"Think of an intelligent 11-year-old who's told by a teacher that humans and dinosaurs lived together on the earth 6,000 years ago. Then think of the same kid doing A-level biology at 16, when it becomes clear that that's complete nonsense. Why, then, should they believe anything else that their religion tells them?"

Creationist ideas are becoming increasingly popular For once, an evolutionary biologist and a creationist agree on something. Professor Steve Jones, the author of an updated version of Darwin's Origin of Species, and John Mackay, an Australian preacher who believes the book of Genesis constitutes literal truth, are both convinced that creationism is making a comeback in British classrooms.

"It's a real social change," says Jones, a lecturer at UCL. "For years, I've sympathised with my American colleagues, who have to cleanse creationism from their students' minds in their first few biology lectures. It's not a problem we've faced in Britain until now. I get feedback from Muslim schoolkids who say they are obliged to believe in creationism, because it's part of their Islamic identity, but the people I find more surprising are the other British kids who see creationism as a viable alternative to evolution. That's alarming. It shows how infectious the idea is."

Creationism encompasses a spectrum of beliefs, from the Bible's account of creation in six days, a matter of mere thousands of years ago, to the more equivocal "intelligent design" (ID) theory, which seeks some form of accommodation with evolution.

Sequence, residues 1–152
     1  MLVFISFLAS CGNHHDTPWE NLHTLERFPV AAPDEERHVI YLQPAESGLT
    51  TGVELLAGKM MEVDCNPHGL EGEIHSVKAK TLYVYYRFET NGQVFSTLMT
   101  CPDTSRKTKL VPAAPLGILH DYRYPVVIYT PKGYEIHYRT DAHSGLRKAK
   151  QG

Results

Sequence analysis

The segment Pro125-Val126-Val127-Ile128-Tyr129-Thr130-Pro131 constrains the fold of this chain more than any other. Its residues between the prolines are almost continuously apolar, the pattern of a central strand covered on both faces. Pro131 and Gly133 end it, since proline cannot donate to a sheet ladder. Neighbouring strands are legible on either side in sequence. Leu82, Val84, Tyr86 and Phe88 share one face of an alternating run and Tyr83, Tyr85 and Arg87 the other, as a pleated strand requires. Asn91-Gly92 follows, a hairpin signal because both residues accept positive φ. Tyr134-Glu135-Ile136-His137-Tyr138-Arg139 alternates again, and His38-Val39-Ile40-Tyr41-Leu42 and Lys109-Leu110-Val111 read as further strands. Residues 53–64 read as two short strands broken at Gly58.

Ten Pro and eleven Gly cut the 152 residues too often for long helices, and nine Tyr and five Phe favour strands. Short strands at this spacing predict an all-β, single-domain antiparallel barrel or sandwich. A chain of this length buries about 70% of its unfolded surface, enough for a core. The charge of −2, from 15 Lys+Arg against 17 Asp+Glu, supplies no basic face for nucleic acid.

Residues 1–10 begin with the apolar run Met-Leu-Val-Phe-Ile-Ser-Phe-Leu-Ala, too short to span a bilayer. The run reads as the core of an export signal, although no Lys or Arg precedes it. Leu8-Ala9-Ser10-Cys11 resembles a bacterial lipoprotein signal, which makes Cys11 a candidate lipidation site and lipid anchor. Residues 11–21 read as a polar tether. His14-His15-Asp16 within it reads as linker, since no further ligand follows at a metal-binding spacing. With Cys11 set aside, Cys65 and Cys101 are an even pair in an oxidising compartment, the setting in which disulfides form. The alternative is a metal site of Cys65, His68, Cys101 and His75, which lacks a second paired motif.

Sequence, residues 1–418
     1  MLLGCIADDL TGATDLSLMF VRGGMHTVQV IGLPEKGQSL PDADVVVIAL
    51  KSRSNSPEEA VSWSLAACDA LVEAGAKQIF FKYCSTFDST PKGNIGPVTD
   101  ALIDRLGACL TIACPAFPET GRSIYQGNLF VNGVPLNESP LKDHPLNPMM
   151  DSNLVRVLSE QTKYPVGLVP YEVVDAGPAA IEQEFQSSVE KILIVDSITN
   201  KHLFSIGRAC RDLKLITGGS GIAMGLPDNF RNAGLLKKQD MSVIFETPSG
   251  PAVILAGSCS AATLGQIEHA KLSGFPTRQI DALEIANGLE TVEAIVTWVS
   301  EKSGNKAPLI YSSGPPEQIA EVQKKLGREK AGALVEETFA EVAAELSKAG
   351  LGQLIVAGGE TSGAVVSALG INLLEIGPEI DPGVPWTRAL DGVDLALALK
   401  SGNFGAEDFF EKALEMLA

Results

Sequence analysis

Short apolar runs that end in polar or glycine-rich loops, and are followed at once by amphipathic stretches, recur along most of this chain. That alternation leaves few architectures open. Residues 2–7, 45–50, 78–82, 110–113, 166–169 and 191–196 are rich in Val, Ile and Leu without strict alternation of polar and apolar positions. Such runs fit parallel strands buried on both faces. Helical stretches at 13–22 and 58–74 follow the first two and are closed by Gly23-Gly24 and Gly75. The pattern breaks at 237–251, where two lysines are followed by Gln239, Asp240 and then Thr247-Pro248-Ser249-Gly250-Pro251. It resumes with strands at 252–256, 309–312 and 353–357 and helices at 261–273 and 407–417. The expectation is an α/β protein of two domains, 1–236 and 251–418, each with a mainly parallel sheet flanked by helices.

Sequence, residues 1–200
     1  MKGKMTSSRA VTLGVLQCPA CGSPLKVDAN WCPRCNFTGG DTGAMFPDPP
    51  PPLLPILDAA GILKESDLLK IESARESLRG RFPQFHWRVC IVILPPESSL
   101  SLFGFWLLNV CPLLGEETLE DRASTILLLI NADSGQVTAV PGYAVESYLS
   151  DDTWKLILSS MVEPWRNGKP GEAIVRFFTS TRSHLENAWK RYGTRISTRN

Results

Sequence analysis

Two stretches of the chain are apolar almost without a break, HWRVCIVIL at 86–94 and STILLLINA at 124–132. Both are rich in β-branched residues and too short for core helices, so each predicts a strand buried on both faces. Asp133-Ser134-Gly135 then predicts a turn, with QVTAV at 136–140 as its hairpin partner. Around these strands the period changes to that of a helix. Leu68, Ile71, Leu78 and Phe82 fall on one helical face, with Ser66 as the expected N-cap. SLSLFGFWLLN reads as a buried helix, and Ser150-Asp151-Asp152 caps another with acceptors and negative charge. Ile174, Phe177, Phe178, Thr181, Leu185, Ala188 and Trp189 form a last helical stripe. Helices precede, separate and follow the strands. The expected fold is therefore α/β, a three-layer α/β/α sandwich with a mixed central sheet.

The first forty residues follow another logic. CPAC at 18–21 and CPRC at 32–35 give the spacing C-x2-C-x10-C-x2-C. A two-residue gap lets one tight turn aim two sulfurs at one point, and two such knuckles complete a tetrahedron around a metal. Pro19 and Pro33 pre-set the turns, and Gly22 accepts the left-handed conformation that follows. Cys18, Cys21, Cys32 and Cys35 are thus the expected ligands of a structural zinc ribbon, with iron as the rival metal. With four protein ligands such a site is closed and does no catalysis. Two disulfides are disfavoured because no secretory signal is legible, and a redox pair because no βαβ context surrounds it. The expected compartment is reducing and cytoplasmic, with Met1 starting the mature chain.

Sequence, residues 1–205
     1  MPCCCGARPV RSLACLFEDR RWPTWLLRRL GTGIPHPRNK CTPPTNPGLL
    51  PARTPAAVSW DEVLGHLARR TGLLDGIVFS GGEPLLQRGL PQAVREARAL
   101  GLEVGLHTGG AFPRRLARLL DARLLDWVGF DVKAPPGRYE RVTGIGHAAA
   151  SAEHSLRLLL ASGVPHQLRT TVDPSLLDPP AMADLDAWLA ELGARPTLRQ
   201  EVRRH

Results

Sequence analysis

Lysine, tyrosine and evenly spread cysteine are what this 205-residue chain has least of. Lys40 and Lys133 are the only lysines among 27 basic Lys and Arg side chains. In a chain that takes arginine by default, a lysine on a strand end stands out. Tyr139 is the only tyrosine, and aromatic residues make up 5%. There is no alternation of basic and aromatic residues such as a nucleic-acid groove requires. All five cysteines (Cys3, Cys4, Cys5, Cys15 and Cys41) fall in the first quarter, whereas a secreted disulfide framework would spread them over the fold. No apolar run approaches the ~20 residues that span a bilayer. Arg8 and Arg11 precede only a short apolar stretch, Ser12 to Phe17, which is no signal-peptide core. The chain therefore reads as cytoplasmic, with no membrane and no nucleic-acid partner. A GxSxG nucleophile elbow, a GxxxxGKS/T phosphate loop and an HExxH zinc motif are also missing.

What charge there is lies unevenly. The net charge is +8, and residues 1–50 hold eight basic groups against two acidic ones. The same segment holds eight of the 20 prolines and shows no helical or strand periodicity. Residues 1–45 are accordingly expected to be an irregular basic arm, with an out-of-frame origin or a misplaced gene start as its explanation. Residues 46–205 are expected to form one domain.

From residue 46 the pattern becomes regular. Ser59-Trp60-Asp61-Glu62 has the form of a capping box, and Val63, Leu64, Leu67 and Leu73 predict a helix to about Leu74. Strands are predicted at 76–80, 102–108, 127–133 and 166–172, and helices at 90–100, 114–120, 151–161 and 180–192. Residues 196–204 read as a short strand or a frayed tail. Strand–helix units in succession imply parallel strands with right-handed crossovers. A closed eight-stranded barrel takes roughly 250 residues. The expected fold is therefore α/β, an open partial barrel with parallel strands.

Its opponents see the teaching of creationism in any form as an alternative scientific theory as a way for its exponents to drive religious dogma into schools across the entire curriculum. In about 50 independent Christian schools in the UK, creationism has been a feature of biology teaching for about 30 years; the fear is that state schools will begin to follow suit.

Jones's concerns are shared by the Royal Society and other scientific organisations; by the British Humanist Association (BHA) and the Secular Society; and by teachers' unions such as the NUT, who at their recent conference called for an end to state funding for faith schools "to prevent the growing influence of religious organisations in education and the teaching of creationism or intelligent design as a valid alternative to evolution."

Even the Archbishop of Canterbury has said that creationism should not be taught in schools. Jacqui Smith, schools minister until the latest cabinet reshuffle, was forced to draft a statement to the BHA, saying that the only controversies that could be taught in science lessons are scientific ones, and that "creationism cannot be used as an example of a scientific controversy, as it has no empirical evidence to support it and no underpinning scientific principles or explanations".